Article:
UK Parliament declared a Climate Emergency on 1 May 2019, but our emissions reduction efforts have so far fallen dangerously short.
The Covid-19 pandemic has highlighted both the power of Government to make rapid changes to protect people, and the extreme costs of delay.
The economic lockdown, while painful for so many, has resulted in a significant cut in emissions.
We must rebuild from the Coronavirus tragedy with the economic and social renewal mapped out by the cross-party Green New Deal Bill.
The Government is committed to a green, resilient recovery from COVID-19 and has already made announcements to demonstrate this commitment including a £3bn investment in building energy efficiency.
The UK has led the world in tackling climate change – since 1990, we have cut emissions by 43% while growing the economy by 75%, we were the first major economy to set a net zero target in legislation, and will host the crucial COP26 talks in November 2021.
As the Prime Minister set out in his speech on 30 June, the Government intends to build back better, build back greener, and build back faster – enabling us to deliver a UK economy which is greener, more sustainable, and more resilient. Whilst it is clear that the economic slowdown caused by COVID-19 is likely to have an impact on emissions both domestically and globally, it does not change the nature of the net zero challenge and the need to transform the UK economy over the next three decades to end our contribution to climate change. Many of the actions the UK needs to take to reach its climate target of net zero can also support the economy to recover from COVID-19.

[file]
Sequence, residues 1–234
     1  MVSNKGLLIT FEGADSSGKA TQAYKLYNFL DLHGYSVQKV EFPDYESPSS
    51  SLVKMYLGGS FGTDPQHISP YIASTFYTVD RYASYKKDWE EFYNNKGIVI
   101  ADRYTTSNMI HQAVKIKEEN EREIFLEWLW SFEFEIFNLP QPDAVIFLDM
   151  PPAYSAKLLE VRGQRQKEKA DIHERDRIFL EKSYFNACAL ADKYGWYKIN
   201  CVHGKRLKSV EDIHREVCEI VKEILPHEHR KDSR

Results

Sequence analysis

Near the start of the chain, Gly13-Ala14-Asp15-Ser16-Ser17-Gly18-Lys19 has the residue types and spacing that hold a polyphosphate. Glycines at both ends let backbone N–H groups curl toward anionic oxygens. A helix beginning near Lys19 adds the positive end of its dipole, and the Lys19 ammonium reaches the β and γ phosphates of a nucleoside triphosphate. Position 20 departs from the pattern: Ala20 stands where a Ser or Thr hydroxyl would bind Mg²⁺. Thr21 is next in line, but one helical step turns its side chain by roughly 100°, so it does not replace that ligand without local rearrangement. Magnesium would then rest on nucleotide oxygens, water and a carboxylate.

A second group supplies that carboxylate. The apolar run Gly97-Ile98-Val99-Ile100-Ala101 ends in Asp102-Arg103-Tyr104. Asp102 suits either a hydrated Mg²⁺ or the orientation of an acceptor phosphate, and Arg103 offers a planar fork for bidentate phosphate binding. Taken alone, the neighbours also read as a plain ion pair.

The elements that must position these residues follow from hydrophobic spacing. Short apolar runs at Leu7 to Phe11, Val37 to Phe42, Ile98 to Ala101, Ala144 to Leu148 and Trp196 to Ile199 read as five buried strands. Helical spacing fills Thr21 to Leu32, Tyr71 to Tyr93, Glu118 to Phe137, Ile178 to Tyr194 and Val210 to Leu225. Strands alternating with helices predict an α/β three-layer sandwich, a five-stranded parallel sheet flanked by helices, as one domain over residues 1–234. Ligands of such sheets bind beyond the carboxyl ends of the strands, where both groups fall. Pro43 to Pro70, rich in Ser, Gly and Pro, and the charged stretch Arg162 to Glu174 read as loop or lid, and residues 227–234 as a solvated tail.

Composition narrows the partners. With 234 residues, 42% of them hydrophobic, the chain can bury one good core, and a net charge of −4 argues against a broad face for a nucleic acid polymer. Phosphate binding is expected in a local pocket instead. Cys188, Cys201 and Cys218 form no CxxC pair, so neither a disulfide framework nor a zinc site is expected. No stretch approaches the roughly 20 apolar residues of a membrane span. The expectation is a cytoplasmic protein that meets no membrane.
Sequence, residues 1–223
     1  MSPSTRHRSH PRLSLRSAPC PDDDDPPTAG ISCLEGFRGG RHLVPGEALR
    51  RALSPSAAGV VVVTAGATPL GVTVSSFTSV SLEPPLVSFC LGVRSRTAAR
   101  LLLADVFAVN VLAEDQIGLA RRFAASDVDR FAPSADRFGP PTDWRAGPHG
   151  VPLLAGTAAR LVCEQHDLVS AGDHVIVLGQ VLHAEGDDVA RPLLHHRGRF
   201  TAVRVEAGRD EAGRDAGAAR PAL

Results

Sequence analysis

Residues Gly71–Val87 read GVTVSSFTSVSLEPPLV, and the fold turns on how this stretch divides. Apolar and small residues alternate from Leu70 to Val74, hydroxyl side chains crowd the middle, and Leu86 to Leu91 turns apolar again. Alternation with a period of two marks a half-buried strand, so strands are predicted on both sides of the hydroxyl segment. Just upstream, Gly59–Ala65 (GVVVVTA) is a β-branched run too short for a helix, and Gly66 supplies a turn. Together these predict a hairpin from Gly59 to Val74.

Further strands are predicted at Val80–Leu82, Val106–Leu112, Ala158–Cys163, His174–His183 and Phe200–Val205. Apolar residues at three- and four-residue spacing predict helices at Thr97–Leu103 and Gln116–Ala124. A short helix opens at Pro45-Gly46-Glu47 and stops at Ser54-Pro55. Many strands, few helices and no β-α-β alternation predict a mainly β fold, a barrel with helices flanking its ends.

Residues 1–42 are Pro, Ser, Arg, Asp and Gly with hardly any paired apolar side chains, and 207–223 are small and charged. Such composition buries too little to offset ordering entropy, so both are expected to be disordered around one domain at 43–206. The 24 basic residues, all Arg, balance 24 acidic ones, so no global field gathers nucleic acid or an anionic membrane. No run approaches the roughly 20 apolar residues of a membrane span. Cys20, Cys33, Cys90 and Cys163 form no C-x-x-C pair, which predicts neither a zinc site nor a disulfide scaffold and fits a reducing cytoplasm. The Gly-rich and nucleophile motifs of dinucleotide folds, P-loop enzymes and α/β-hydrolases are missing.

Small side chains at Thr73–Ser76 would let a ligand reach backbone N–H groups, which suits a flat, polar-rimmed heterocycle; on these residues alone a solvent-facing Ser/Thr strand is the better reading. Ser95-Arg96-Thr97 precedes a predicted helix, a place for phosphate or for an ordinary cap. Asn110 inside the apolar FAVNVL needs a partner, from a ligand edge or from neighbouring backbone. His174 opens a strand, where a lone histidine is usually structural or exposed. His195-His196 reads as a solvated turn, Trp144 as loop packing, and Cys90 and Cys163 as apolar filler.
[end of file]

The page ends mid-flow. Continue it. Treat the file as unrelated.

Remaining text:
In his Economy Speech on 30 June, the Prime Minister announced a number of initiatives that will contribute towards a green recovery, including:
Up to £100 million of new funding for research and develop a brand-new clean technology, Direct Air Capture (DAC), which captures CO2 emissions directly from the air around us; and
A new £40 million Green Recovery Challenge Fund to kick start a programme of nature-based projects aimed at addressing the twin challenges of halting biodiversity loss and tackling climate change, while creating job.
At the Summer Economic Statement, the Chancellor announced further measures to support a green recovery, including £3 billion of new investment to support up to 130,000 green jobs and upgrade buildings. This included:
A £2 billion ‘Green Homes Grant’ to help people improve the efficiency of their homes and accelerate progress towards net zero, while supporting jobs and reducing energy bills to help tackle fuel poverty;
A £1 billion investment over the next year in a new Public Sector Decarbonisation Scheme to upgrade public sector buildings, including schools and hospitals, making them fit to help meet net zero through improved energy efficiency and low carbon heating; and
£50 million to demonstrate innovative approaches to retrofitting social housing at scale to start the decarbonisation of social housing over 20/21.
These announcements build on others made this year, including support for low carbon industries announced through the Spring Budget, reflecting the Government’s commitment to reach the net zero ambition whilst creating green jobs and growing the economy as we recover from the pandemic. The Government will continue to set out further measures as part of its green agenda in the run up to COP26 in November 2021, including through the publication of an Energy White Paper and a National Infrastructure Strategy later in 2020.
Department for Business, Energy & Industrial Strategy